Climate change poses an existential threat to species, ecosystems, and ultimately human well-being. Conventional conservation approaches, while valuable, struggle to keep pace with the rapidly changing environmental conditions. This demands a bold and innovative approach to climate adaptation in biodiversity conservation.
Conservation organizations and natural resource agencies must adopt new and more innovative approaches to protect species and ecosystems from the rapidly unfolding climate crisis. Innovative approaches that go beyond traditional conservation practices are essential to close the ‘adaptation gap,’ or the disparity between the scope of adaptation efforts and the scope of climate impacts.
In this regard, a new guide titled ‘Innovation in Climate Adaptation: Harnessing the Power of Innovation for Effective Biodiversity and Ecosystem Adaptation’ from the Climate Adaptation Science Centers (CASC) network and its partners provides a practical roadmap for individuals and institutions to develop creative and innovative climate adaptation solutions.
How to Innovate?
The guide from The National Wildlife Federation, in collaboration with the CASC network and the IUCN Species Survival Commission’s Climate Change Specialist Group, explores what ‘innovation’ can mean for conservation and demonstrates practical ways to achieve innovation in climate adaptation.
Innovation, defined by novelty, value, and process, arises not only from new original, and brilliant ideas but also from the reinvention of ideas used in other sectors (e.g., business or technology) and the revitalization of traditional, historical, or ancestral ideas and practices.
Essentially, innovation is about creating value through novel solutions. It’s not just about tweaking existing methods; it’s about rethinking, reinventing, and paving new ways. The guide provides a practical framework for harnessing the power of innovation in the context of climate adaptation for biodiversity.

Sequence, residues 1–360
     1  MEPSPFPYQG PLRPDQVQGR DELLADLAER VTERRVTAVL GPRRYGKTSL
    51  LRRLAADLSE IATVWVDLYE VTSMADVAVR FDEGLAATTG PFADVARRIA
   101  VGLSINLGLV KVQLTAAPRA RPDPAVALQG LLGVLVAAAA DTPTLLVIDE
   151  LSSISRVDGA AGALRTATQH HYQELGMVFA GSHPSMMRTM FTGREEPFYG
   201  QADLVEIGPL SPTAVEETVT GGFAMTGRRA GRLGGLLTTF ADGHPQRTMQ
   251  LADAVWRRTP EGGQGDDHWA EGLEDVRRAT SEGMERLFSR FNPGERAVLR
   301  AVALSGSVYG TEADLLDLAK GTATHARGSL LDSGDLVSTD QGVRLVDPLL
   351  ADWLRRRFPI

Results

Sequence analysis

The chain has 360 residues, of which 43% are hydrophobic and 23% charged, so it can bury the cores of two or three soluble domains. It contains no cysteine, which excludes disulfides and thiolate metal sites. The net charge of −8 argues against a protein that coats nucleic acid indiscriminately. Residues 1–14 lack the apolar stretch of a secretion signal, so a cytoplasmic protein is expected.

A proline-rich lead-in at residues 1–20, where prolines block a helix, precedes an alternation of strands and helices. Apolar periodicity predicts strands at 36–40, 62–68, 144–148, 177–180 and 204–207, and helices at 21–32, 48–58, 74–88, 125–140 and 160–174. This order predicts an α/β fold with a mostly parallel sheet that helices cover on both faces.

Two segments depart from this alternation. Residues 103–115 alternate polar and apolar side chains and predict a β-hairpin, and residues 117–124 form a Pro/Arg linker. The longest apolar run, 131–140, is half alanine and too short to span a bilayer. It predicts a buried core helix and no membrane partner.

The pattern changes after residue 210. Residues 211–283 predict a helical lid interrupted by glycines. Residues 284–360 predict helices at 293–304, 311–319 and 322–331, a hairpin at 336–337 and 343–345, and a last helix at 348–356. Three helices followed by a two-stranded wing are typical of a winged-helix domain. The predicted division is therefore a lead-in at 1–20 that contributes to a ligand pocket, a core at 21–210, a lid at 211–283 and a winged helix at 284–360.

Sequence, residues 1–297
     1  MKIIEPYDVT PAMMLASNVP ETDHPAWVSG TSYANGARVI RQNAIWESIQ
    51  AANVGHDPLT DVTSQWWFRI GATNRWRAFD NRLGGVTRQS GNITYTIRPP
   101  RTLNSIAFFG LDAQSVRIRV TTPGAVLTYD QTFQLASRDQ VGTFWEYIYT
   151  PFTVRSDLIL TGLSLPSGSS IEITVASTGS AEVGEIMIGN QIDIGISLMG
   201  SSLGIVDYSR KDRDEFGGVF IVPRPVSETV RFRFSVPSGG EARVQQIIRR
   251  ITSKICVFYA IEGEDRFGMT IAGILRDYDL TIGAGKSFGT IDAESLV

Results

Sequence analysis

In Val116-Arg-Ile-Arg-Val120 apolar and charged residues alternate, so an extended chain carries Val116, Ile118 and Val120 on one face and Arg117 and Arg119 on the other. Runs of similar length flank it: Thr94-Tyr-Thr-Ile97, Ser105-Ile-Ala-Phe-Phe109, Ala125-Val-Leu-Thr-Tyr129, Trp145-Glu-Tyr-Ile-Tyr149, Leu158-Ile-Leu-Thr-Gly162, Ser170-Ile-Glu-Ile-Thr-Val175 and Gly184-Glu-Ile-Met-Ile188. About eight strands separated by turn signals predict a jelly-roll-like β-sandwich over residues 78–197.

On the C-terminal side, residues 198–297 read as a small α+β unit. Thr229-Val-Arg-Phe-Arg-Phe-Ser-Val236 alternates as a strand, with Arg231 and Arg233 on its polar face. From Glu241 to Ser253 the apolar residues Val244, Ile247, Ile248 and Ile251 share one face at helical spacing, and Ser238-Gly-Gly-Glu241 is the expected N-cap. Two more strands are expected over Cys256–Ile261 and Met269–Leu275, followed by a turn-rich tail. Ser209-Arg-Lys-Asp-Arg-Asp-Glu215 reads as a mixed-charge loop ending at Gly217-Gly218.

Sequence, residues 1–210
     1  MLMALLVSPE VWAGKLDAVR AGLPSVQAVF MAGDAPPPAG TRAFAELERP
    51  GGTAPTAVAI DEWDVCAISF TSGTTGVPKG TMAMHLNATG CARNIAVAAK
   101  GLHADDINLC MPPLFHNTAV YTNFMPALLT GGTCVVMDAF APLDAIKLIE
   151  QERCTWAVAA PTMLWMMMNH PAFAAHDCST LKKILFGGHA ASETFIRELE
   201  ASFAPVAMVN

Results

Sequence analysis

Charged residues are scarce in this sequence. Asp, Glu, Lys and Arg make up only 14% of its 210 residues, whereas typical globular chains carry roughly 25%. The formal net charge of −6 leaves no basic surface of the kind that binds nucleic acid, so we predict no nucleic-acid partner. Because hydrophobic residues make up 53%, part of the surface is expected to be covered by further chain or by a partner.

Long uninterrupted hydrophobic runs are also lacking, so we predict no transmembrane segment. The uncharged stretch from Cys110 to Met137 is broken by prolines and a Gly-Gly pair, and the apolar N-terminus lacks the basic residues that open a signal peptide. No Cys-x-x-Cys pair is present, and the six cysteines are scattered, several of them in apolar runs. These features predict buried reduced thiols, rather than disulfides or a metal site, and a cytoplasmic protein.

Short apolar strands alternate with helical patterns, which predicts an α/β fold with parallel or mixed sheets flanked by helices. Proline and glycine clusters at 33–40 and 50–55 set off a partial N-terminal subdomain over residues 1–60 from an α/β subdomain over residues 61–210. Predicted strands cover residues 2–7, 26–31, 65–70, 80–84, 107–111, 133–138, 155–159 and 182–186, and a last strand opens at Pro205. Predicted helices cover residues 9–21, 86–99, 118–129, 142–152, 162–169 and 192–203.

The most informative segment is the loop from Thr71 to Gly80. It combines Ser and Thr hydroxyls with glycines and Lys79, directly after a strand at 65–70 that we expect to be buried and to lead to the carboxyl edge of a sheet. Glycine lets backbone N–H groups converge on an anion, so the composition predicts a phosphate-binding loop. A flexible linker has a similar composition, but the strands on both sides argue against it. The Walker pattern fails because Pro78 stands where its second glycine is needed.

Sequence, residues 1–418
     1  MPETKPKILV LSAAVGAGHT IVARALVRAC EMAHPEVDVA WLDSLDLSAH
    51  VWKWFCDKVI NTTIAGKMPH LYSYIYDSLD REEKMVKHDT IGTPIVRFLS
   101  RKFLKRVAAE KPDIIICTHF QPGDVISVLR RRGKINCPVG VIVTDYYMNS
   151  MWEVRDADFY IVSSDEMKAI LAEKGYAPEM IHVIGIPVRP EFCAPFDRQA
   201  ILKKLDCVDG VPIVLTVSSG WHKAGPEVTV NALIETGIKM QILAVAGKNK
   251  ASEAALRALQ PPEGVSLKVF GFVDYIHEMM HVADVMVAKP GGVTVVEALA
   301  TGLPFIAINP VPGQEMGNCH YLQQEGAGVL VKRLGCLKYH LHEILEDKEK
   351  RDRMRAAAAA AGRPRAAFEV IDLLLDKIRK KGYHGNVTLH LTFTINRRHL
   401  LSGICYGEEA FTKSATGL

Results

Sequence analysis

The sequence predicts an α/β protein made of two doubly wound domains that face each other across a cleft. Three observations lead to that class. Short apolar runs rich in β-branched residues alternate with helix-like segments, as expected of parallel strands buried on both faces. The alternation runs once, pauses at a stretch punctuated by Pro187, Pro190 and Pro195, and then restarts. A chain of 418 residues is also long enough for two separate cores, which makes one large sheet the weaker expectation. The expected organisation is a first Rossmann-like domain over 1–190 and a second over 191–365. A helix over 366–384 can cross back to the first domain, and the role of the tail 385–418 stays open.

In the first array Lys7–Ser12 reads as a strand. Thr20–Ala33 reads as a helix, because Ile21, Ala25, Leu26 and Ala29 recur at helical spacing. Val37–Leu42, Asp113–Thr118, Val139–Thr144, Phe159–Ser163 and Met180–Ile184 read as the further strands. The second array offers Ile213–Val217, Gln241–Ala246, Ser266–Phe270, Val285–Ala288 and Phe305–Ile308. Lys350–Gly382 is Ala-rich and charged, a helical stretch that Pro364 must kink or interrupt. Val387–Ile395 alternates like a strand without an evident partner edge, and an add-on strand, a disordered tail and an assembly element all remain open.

Additionally, the guide explores a framework called the ‘innovation lifecycle’ that outlines the stages of the innovation process, including the ‘valley of death’ stage when promising innovations are often abandoned in favor of convention. In practice, the guide applies the ‘innovation lifecycle’ to adaptation planning by exploring barriers to innovation, how to create conditions that foster creativity within individuals and institutions, and how to assess and manage inherent risks.
Successful innovation is not a one-time event but rather an iterative process with different phases:
- Problem exploration and idea generation: Identifying challenges and generating ideas for possible solutions.
- Prototyping and testing: Experimenting and refining promising ideas.
- Implementation and scale-up: Implementing the most effective solutions.
- Diffusion and learning: Sharing successful innovations and adapting them for broader application.
“Climate change and the ecological changes and non-natural disasters it fuels are rapidly altering the natural world, and at a much faster pace than anticipated just a few years ago. This landmark guide underscores not only the growing climate challenges facing the conservation community but also the opportunity (and indeed imperative) to be more creative in crafting effective approaches to biodiversity conservation and climate adaptation,” said Bruce Stein, lead author, and report lead, Chief Scientist Emeritus at The National Wildlife Federation. “This roadmap cannot be enacted on its own. Adapting to climate change on a scale and scope sufficient to prevent catastrophic biodiversity losses will require conservationists to embrace an innovation mindset, and institutions to establish a culture of innovation.”